The popularity of memory bear projects for grieving individuals suggests that a need is being met through this type of workshop that has been established for them.  It reinforces a realization that ordinary materials readily overlooked during life can become treasures of conscious associations after a dear one has died.  

Source: Facebook - USA Today Video

Sunday, April 12, 2015


Journey Journal... Gotha, Florida


Capacious mausoleums designed with nakedly exposed walls can be like blank slates that invite ingenuity.  When there is a barren expanse of significant magnitude, why ignore the possibilities?  The white, sun-drenched side of such a structure at Hollywood Forever Cemetery in Hollywood, California is transformed into a silver screen on evenings when movies are projected on it.  People bearing picnic paraphernalia and blankets repose on a spread of unadulterated turf as they watch the action under starry skies, overlooking the graves of celebrity stars buried nearby.

Bob Neel, a former funeral director and previous owner of the Woodlawn Cemetery in Gotha, Florida fostered an alternative brainstorm for capitalizing on the real estate.  In 1993 when his visionary idea came to fruition he noted, “'I wanted to make Woodlawn different from other cemeteries, as darkness is unlike light, as eternal life is different from death… 
I got this inspiration to make it different by having this magnificent piece of art where people can study the life of Christ.''

The artwork to which he referred is the Life of Christ Mosaic that festoons the side of the Mausoleum of Christian Heritage.  The colorfully bold façade with its bigger-than-life intricacies readily captures the attention of visitors as they progress toward it over a long entrance road. 

The 1,560-foot mosaic, which measures seventy-eight by twenty feet, depicts pivotal stages of Christ’s life, with twenty-three chronological scenes that begin on the left – starting with his birth and advancing to his resurrection and ascension on the right.  A central panel showcases a figure of the risen Christ.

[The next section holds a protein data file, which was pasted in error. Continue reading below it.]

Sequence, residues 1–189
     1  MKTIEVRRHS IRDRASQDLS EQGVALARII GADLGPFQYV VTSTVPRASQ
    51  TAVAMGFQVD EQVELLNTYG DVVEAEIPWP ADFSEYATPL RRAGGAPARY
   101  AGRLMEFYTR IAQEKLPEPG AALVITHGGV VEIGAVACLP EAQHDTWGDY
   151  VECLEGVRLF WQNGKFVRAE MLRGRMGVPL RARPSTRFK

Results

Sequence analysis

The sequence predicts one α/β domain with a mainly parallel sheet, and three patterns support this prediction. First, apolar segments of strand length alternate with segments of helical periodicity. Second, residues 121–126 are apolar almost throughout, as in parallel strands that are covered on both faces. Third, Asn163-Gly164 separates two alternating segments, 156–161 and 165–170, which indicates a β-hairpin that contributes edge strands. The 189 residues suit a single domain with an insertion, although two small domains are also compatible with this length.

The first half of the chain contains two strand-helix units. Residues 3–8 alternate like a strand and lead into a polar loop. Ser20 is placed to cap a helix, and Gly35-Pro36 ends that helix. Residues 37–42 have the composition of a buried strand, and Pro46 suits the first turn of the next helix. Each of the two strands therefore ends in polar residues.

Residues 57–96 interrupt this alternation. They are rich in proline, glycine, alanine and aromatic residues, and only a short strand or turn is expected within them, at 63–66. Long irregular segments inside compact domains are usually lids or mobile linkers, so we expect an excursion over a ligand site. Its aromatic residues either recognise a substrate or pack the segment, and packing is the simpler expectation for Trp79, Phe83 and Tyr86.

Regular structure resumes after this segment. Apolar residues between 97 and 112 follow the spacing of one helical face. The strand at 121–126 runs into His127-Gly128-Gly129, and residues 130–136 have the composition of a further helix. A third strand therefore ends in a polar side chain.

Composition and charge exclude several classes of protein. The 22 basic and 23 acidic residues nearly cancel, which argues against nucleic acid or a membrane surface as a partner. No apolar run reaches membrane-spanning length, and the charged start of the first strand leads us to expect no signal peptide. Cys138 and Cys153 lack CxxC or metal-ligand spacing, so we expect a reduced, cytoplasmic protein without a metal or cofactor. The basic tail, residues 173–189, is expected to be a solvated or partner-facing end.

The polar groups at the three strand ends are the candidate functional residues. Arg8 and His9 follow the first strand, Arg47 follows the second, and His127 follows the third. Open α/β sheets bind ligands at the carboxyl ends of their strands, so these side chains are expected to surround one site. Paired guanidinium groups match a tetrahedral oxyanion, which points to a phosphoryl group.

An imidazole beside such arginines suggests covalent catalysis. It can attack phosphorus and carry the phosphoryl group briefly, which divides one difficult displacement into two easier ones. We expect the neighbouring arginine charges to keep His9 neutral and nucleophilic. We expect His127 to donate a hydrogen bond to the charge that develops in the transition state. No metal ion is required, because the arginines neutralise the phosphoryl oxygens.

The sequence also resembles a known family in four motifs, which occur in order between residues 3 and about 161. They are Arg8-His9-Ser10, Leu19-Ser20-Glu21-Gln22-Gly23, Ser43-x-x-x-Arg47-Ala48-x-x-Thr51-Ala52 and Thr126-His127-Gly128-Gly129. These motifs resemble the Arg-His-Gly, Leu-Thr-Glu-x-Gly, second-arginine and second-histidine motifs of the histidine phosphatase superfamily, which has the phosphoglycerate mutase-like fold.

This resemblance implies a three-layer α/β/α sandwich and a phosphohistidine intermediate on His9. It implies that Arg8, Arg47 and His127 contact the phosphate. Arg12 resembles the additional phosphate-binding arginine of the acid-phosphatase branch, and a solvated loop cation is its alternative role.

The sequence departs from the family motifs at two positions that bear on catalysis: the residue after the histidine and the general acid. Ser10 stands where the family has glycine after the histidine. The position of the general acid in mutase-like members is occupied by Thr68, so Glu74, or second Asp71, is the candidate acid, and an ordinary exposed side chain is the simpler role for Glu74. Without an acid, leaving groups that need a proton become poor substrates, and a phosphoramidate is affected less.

It is one of the largest such creations in the country, though a bigger Life of Christ version is on the wall of a mausoleum at the Covina Hills Forest Lawn Memorial Park in California.  That one is one hundred and seventy by thirty feet and has twenty-six scenes.   

For many years, before commissioning two California sisters to create the drawings for this masterpiece, Neel, a Presbyterian Church congregant, laid the conceptual foundation by reading the New Testament and identifying significant verses he considered desirable to depict. Trips to Italy, where he observed other mosaic works, contributed to his visualization.  As part of the images portraying Jesus calling the children to him within a milieu of feeding the multitudes and entering Jerusalem, the artists incorporated likenesses of his four children.  Except for replication of Leonardo da Vinci’s portrayal of the Last Supper, the scenes that materialized were original configurations.  The colored rendering of the mural required three years for the artists to complete. 

In 1989, once the artwork had been completed, mosaic specialists from Italy began the laborious crafting process, employing eleven million pieces of Venetian glass.   Preliminaries within their Italian studio included photographing the mural before making a reverse copy and enlarging it to actual size.   The amplified copy, known within the trade as a cartoon, was segmented into four hundred and three manageable pieces, simulating a giant jigsaw puzzle, and numbered for convenience of assemblage.